MADRID — With Spain on track to join a Franco-German quest for a new European combat aircraft, lawmakers in Germany next week are expected to decide on Berlin’s initial funding contribution.

June 5 will be the penultimate session of the Bundestag’s Defence and Budget committees before the parliamentary summer break begins in late June. It is also the last opportunity to secure approval for a €65 million (U.S. $72 million) study contract for the Future Combat Air System before the June 16-23 Paris Air Show. German and French officials envision some level of pomp and circumstance at the event to cement their ambitious sixth-generation fighter plans.

For now, the idea is to have a framework agreement signed by the two defense ministers, Florence Parly and Ursula von der Leyen, even if final approval by German lawmakers remains outstanding. In that case, a contingency clause would be added to the text to reflect that the pact is preliminary until Germany’s legislature approves it.

Defense officials in Berlin said they eventually expect parliamentary approval, but acknowledged that the timing is tight.

Meanwhile, staffs are working behind the scenes to modify the slate of program governance documents to reflect Spain’s participation. It remains to be seen whether those tweaks, which include questions of intellectual property ownership, can be sorted out in time to warrant a senior-level Spanish government representative joining the festivities at Paris.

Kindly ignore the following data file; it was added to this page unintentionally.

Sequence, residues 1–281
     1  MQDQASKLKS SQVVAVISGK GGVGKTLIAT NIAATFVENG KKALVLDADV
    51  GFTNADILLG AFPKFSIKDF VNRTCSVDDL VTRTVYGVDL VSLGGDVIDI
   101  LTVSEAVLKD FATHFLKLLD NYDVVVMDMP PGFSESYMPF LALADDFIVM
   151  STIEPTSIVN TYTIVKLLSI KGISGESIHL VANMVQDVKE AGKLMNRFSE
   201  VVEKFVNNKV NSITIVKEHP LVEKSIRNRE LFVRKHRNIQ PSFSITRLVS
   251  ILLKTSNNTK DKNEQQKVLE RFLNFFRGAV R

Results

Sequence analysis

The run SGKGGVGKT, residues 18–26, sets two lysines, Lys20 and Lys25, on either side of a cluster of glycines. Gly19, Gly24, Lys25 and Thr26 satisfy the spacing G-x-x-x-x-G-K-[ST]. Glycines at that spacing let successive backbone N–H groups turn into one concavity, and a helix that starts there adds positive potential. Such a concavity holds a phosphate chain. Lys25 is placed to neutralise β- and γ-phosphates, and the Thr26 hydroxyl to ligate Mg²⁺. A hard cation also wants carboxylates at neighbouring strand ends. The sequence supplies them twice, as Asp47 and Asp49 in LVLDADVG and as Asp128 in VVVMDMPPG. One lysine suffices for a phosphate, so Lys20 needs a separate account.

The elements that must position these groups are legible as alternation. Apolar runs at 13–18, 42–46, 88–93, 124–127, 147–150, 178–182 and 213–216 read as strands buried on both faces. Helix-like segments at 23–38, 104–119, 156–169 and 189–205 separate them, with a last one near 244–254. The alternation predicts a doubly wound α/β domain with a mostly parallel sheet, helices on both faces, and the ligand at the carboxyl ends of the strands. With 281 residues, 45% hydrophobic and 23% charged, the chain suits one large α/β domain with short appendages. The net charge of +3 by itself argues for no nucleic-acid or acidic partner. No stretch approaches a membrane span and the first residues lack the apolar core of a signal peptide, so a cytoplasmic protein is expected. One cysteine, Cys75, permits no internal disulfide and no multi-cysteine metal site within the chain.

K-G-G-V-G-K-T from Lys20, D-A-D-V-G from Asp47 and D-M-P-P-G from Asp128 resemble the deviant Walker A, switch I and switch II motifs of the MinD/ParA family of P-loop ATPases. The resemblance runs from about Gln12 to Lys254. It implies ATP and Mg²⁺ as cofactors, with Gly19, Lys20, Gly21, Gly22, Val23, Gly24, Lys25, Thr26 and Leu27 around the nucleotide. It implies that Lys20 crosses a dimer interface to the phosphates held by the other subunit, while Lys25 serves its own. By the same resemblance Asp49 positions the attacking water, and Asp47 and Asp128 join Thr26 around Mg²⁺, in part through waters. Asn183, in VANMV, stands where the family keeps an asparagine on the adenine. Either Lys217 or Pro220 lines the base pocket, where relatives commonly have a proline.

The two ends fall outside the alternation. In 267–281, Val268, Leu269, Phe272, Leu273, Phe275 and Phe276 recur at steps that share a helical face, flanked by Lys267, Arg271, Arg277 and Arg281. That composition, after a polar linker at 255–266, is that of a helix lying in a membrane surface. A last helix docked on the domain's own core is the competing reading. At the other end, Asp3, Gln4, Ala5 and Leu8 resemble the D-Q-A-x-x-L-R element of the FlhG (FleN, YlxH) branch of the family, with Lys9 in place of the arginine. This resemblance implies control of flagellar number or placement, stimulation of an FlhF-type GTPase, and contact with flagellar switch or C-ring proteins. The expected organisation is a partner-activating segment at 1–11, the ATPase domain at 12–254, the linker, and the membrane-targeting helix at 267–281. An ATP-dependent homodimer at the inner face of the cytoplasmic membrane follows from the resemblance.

A German defense spokesman stressed that Spain’s participation in the FCAS program was assured and that only legal matters had yet to be sorted out.

In that spirit, Germany’s choice to lead a delegation to the inaugural FEINDEF defense expo in Madrid, Spain, appears apt: Luftwaffe Brig. Gen. Gerald Funke, who also oversees FCAS planning for Germany, could be spotted at the opening event.

If the Bundestag approves, a full integration of Spain into the program would amount to addressing the “devil in the details,” he told Defense News.

Airbus and Dassault are the main contractors for the ambitious air warfare program. Including Spain likely would mean that Airbus, which has a sizable footprint in the region, will reshuffle its share of work to include Spanish industry.